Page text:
Was This the Tower of Babel?

Was This the Tower of Babel?

Popular Science Monthly, Volume 88 article that suggests Borsippa as the site of the biblical Tower of Babel, a common theory.

PSM V88 D117 Possible remnant of the tower of babel.png
A lonely pile, worn by ages of weather is the world's only claimant to the honor of being the Tower of Babel

Was This the Tower of Babel?

IT is doubtful if there is any place in the world so rich in ancient remains as the valley of the Euphrates, in Mesopotamia. The result is that to archaeologists and scholars the place is a veritable "Tom Tiddler's ground," and new "finds" are constantly being reported. When it is remembered that tradition places the site of the Garden of Eden here, while amongst its many ruins are those of ancient Babylon, the promising nature of the valley to the scientific excavator becomes apparent.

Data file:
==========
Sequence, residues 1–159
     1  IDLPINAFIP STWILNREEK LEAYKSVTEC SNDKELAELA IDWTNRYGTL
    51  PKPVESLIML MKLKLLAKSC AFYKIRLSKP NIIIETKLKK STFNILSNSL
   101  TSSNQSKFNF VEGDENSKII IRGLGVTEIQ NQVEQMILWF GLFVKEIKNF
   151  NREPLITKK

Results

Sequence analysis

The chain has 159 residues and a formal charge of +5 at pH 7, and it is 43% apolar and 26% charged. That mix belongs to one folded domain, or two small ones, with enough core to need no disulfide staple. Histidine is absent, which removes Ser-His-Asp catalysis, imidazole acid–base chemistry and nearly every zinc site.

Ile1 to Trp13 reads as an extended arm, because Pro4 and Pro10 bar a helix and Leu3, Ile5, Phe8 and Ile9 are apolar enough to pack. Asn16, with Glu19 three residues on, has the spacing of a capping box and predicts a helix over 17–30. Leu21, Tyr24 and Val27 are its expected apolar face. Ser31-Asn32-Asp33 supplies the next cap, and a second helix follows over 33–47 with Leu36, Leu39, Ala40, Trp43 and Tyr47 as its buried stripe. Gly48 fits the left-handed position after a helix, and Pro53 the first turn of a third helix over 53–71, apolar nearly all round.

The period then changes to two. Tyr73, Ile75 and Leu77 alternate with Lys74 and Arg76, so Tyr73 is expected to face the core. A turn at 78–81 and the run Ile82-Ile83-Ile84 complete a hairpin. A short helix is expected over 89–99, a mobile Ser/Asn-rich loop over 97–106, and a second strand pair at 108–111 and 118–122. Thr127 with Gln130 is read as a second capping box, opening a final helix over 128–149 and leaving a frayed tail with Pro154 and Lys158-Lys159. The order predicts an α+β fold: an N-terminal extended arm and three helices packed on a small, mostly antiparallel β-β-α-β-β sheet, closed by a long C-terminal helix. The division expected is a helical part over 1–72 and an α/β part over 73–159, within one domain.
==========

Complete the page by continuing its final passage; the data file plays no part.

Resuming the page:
It is near the ruins of Babylon that we find what many scholars believe to be the remains of the Tower of Babel—an immense cube of brickwork, called by the natives Birs Mimrud. Recent exhaustive examination of the strange pile and its site has revealed the fact that the tower which once stood here consisted of seven stages of brick work on an earthen platform, each stage being of a different color. The tower boasted of a base measurement of nearly six hundred square feet, and rose to an unknown height. Even to-day the ruins rise some hundred and sixty feet above the level of the surrounding plain.

{{Mark Twain in his 'The Innocents Abroad' of 1869 states his party were shown the huge ruins and described the brickwork as being split, seared and vitrified by lightning from GOD'. The Bible account merely states the builders ceased their task after GOD had confused their language so that unable to cooperate they all drifted away across the single landmass only to discover that as soon as they reached all four corners of the Earth GOD causd the crust to sink and make the contients and islands as we now have.}}